“You got it trained?”

“No, the ruddy thing killed my cat, Bitsy. I finally blasted the thing with a magic arrow.”

“Oh,” Leonard looked thoughtful.

“But the important thing is to keep trying, whether it’ll kill your cat or not.”

“First of all, I don’t have a cat. Second of all, if that’s so important, how come you didn’t keep trying?”

“Hm? Oh, right... I, uh, didn’t really know how to control my temper back then. And also, why not get a cat? They’re perfect house pets and the easiest to train. Why, my poor little Bitsy was so nice... well, actually, she gave me a scratch on my arm at the age of six. See?” Ged showed Leonard a scar on his arm that was at least a foot long. “And anyway, I didn’t know what I’d do without my poor Bitsy. The poor little cat never could be...”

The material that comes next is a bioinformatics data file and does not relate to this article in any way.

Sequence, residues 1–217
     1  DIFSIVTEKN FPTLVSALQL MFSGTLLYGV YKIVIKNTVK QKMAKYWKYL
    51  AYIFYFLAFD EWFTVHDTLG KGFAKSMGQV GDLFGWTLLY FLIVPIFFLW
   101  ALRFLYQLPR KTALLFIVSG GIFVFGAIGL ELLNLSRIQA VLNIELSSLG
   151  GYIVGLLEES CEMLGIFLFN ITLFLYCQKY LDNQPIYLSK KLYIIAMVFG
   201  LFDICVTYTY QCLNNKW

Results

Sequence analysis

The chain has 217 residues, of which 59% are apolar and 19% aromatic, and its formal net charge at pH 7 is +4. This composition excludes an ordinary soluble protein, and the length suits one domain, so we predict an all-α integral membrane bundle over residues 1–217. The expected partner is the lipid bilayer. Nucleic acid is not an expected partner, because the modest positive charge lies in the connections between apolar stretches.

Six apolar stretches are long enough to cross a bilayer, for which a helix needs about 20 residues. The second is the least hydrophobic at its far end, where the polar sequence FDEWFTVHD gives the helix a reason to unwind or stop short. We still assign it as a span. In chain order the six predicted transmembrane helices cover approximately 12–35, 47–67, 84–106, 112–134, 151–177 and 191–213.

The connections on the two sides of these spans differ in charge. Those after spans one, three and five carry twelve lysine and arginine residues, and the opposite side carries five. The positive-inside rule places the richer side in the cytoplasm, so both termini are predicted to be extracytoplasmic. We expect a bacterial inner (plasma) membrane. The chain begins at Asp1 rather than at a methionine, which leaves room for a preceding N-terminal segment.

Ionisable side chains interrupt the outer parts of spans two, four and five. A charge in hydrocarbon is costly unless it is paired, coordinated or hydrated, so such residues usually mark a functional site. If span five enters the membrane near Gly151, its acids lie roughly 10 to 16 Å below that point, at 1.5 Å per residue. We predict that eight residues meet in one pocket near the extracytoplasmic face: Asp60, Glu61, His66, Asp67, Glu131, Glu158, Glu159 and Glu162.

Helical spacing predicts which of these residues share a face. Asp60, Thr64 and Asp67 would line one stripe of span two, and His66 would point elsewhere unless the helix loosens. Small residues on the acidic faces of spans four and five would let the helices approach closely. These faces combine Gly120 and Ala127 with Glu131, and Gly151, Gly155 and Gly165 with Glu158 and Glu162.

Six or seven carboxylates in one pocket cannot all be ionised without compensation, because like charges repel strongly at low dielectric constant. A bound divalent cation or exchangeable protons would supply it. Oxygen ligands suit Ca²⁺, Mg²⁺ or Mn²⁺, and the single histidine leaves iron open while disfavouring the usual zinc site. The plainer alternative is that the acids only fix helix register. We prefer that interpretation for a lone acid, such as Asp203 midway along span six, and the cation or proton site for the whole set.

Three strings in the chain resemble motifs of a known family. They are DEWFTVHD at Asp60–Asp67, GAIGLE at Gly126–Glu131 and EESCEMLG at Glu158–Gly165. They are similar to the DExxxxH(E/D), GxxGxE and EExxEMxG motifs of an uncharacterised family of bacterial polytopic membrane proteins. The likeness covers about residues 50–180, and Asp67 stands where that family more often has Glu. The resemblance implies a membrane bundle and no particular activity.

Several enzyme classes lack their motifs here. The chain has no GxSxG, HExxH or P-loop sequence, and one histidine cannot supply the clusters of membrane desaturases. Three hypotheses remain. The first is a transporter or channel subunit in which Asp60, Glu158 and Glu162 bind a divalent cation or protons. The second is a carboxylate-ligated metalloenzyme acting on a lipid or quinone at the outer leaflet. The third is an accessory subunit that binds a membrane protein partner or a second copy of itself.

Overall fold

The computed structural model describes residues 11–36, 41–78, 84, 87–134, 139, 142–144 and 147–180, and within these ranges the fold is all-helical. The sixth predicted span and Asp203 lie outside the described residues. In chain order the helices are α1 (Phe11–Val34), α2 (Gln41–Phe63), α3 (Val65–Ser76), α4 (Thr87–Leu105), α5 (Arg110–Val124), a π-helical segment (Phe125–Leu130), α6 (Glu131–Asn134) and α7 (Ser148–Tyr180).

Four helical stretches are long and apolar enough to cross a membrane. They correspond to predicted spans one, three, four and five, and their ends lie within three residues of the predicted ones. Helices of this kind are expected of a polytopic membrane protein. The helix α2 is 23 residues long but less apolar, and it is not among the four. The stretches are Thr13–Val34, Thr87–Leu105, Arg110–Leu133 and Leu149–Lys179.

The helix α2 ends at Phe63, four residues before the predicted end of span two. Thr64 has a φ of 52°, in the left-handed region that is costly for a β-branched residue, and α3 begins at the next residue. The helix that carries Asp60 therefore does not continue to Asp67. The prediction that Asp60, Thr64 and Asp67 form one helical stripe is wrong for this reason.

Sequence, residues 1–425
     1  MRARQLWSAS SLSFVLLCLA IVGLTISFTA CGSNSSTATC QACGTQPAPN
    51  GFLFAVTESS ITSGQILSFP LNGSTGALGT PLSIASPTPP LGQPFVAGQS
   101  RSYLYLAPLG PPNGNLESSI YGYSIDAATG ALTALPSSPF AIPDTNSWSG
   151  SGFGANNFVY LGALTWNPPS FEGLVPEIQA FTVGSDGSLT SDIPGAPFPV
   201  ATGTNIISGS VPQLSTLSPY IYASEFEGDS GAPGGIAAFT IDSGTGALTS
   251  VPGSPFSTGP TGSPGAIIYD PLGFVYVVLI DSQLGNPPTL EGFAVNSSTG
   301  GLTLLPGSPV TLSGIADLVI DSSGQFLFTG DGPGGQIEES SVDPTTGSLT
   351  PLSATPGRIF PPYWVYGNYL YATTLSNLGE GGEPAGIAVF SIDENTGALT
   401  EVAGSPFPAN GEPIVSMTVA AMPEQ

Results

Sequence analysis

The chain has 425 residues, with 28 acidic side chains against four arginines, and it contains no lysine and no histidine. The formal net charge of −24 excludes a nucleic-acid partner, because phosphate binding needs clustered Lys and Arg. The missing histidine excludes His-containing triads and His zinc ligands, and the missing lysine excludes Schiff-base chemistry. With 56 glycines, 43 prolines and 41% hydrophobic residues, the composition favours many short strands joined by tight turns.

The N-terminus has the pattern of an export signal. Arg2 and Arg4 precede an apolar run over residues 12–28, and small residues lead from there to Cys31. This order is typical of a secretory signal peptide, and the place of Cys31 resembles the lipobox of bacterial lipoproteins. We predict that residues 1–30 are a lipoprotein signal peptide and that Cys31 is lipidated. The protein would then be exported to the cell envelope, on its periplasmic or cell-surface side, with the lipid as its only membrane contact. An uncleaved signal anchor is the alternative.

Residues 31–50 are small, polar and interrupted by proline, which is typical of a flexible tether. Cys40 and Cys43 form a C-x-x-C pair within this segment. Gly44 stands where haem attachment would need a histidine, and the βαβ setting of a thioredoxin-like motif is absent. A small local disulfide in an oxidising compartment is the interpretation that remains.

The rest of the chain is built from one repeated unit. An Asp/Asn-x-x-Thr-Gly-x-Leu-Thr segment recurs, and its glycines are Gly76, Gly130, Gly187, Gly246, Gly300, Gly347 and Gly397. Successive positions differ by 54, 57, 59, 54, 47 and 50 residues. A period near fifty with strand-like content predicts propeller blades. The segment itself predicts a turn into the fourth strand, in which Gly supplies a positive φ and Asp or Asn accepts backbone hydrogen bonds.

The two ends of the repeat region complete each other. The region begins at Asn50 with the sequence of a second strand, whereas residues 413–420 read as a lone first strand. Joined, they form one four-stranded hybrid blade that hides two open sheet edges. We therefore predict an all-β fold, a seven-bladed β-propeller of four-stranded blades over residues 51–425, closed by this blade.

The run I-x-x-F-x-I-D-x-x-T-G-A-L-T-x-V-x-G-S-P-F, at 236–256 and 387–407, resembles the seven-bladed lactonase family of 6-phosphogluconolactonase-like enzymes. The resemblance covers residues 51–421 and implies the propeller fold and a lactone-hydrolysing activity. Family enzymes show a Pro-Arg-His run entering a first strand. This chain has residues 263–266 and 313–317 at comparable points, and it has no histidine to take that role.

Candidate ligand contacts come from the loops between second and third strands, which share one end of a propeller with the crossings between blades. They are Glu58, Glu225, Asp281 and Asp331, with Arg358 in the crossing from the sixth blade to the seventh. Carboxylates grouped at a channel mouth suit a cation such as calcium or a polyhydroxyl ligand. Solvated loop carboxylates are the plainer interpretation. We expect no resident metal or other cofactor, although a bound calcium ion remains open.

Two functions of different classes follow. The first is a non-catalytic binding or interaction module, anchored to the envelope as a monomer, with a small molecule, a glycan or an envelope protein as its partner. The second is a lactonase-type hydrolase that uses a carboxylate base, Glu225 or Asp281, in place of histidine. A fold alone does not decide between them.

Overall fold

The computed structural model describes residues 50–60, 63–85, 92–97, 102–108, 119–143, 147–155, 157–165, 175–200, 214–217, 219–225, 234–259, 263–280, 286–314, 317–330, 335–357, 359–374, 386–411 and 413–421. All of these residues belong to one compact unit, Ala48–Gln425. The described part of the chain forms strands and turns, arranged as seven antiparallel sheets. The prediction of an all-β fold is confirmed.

“You’re such a fine wizard, why didn’t you just use the ‘resurrect’ spell on her?” Leonard cut in.

There was a long pause. Ged’s skin was turning a pale pink and he was looking very uncomfortable. “Well...I, er...I didn’t think...that is, she had...um, I guess I...uh, I guess I didn’t think of that.” Ged was wringing his hands as he talked, and after he finished he slapped his forehead constantly mumbling “Stupid stupid stupid stupid stupid stupid...”. Leonard waved him goodbye as the mage walked grumbling back to his hut.

Herbert came back and Leonard gave him some advice. “Herby, this time I want you to...”

“Don’t call me ‘Herby,’”

“Right, Herbert. Anyway, this time I want you to fly into the clouds when you see any enemies that might slow you down. It is very important that you can go very fast for good battle. Now, get ready!”

“See you later, Master!”

“...Set...”

“I’ll be back soon!”

“GO!” Herbert shot off into the sky, leaving a whirlwind of dust in the middle of the road. Coughing, Leonard waved the griffin goodbye as his flapping wings soon disappeared into the clouds.

Chapter 2

L